How the Glock Became America's Weapon of Choice The Glock was created in 1982 by a curtain rod manufacturer named Gaston Glock. Glock didn't like the handguns available on the market and decided to manufacture a new gun from scratch. [more inside]
David Grann of the New Yorker writes about the power of the Aryan Brotherhood inside America's federal prisons.
New witnesses surface on the infamous West Memphis 3 case based on Peter Jackson's upcoming documentary which will premiere as one piece at the 2012 Sundance. Here's the trailer. [more inside]
Cleveland Indians pitcher Fausto Carmona was arrested today in the Dominican Republic and charged with using a false identity. [more inside]
All this brings me to an Indian I want you to know better than his jury did—Douglas Ray Stankewitz, the longest tenured inmate on California’s death row. Like most Indians who find themselves in a group of non-Indians, he is currently known as Chief, but unlike many Indians, he is proud of the nickname. The government wants to kill Chief because Theresa Greybeal was shot dead in the course of a robbery by a group of people high on heroin, and there is no question that Chief was one of them. There is a serious question about who pulled the trigger, and juries are reluctant to kill individuals who did not pull the trigger. But as far as his jury knew, Douglas Stankewitz pulled the trigger. And he might have, but we will never know, based on his trial.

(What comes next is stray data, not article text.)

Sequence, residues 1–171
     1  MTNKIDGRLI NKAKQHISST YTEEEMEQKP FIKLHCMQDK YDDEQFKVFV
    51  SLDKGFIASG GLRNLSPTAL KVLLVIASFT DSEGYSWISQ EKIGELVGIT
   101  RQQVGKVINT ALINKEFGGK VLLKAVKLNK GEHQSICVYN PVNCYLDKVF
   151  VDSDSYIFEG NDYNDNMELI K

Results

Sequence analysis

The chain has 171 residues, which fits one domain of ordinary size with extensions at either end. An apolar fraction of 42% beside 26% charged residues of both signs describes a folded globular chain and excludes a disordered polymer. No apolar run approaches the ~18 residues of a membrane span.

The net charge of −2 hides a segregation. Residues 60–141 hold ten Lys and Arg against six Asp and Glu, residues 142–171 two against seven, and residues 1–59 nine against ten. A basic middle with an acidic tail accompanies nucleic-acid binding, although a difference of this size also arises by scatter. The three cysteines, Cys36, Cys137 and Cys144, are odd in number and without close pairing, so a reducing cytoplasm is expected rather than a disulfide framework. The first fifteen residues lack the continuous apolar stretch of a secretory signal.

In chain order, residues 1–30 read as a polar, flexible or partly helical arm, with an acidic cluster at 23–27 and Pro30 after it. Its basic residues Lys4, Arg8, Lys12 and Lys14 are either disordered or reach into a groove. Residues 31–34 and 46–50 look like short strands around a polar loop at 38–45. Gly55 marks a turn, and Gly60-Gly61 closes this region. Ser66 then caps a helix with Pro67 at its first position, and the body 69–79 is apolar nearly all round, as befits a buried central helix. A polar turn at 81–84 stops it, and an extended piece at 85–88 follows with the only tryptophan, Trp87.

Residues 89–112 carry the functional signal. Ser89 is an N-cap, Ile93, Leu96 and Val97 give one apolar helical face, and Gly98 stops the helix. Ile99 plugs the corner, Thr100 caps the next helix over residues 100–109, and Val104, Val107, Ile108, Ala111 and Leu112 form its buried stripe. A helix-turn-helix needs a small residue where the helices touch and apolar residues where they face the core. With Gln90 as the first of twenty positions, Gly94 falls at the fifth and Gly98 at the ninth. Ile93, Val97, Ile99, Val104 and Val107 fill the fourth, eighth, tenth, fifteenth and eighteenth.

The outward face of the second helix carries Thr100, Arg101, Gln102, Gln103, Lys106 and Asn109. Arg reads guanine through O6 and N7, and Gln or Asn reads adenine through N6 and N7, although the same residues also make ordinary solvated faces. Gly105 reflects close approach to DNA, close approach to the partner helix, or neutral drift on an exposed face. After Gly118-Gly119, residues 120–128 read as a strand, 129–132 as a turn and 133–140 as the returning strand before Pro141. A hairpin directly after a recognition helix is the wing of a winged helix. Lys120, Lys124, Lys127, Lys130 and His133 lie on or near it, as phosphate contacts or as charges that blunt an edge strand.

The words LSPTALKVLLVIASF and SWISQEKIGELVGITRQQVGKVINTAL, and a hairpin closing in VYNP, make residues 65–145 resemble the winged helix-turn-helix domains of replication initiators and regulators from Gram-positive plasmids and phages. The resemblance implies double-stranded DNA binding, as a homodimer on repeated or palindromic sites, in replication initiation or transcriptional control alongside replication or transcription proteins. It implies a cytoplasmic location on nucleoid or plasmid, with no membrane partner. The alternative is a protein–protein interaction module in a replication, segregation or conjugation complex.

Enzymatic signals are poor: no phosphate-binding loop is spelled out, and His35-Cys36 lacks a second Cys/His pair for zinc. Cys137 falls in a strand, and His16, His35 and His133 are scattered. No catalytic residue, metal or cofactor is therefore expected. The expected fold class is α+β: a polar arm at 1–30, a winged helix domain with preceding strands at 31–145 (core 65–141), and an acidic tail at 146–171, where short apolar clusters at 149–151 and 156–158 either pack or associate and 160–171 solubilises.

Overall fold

Néo Fénéon: "Three thousand seven hundred dollars richer after stealing from the job, Marvin Williams, 25, of Brooklyn, went to urinate in a playground." - Items from the NYPD blotter remixed daily in the style of Félix Fénéon. (previously)
In the news media and on the Internet, there was a great deal of speculation about the rhyme and reason behind the crime spree, with observers often reaching the conclusion that there wasn't any. [more inside]
Everything you need to know about Ed Brubaker and Sean Philips, the best writer artist team currently working in comics, and their particular brand of noirish crime and noirish supercrime. With their latest project, Fatal, they add a new ingredient to the mix and bring us noirish Lovecraftian crime.
Both an ingeniously choreographed crime film and a moral drama influenced by Dostoyevsky’s Crime and Punishment, Pickpocket marks the apotheosis of Bresson's stripped-down style. There’s little or no psychological realism or conventional drama at work in Martin La Salle’s portrayal of a master thief who plies his trade at the Gare de Lyon and easily outwits the cops who seek to ensnare him. See it once to appreciate the spare elegance of the pickpocketing scenes, and then a second time to appreciate how subtly Bresson accomplishes the story of a man’s self-willed corruption, his liberation through imprisonment and his redemption through love, all in less than 80 minutes.
Almost one year after Congressional Republicans tried to limit the definition of rape to only include "force" (previously), the Department of Justice is redefining the term--but this time to to expand it dramatically: